Renowned fantasy and science-fiction writer Ursula K. Le Guin has passed away at the age of 88 at her home in Portland, Oregon. She is best known for her Earthsea series and The Left Hand of Darkness, though she published dozens of literary novel, non-fiction works, short stories, and poetry collections.

While the cause of death is currently unreported, Le Guin’s son Theodore said that the author had been ill for some time. Several sources have confirmed with Le Guin’s agent the author has indeed passed away.

Le Guin was a pioneer, not only as one of the earliest and most prolific female genre novelists, but also in her treatment of class, gender, and human psychology. Her legacy of inspiring writers and readers of all ages and walks of life will continue on. As Hugo winner Mary Robinette Kowal tells NPR:

“She was one of the first really big voices in science fiction and fantasy who was a woman. And I think she did a lot for science fiction and fantasy — not just for women and women’s roles because of her feminism but also legitimizing us as an art form. There are a lot of people who will read an Ursula Le Guin book and go, ‘Well, this isn’t science fiction, it’s literature.‘”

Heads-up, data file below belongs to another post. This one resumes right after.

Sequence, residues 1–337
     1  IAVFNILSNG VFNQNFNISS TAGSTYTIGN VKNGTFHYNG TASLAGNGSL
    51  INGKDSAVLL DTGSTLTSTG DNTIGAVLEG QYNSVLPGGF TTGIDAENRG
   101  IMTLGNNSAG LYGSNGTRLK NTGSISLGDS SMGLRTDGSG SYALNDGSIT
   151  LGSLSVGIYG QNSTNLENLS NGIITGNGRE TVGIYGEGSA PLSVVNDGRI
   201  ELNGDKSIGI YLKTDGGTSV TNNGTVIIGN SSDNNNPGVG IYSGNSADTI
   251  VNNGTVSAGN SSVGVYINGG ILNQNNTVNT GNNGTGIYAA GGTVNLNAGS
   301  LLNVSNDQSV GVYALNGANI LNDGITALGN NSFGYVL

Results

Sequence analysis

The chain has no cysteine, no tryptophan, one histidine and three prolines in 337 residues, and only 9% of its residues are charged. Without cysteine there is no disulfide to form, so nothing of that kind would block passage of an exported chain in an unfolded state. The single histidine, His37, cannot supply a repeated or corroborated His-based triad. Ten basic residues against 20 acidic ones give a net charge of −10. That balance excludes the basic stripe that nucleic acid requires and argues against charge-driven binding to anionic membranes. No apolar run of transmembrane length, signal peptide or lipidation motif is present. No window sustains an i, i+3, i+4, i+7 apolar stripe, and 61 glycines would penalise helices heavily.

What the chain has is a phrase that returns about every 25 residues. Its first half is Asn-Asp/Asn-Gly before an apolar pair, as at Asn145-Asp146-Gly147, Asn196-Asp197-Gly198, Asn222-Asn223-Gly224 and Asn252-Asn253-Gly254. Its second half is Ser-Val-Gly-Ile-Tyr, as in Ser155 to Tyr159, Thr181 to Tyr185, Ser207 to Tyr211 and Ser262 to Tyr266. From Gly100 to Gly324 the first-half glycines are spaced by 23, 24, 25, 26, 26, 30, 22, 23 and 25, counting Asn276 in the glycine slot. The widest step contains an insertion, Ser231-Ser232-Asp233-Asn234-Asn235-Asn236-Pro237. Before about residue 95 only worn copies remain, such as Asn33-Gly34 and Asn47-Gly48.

Several authors and colleagues have already taken to Twitter to mourn the loss of this literary icon:

Le Guin is survived by her husband Charles and her three children; Elisabeth, Caroline, and Theodore. 

About The Author

Sara Roncero-Menendez

A reporter by trade, Sara is a lover of horror, sci-fi, and all things pop culture. From indies to classics to even the strangest schlock, all movies and TV shows are fair game. She believes Batman is the most fascinating superhero, and that Silent Hill is one of the best horror franchises ever made (as long as you don't count the movies). Fun Fact: The only movie Sara will not rewatch is The Room -- once was more than enough.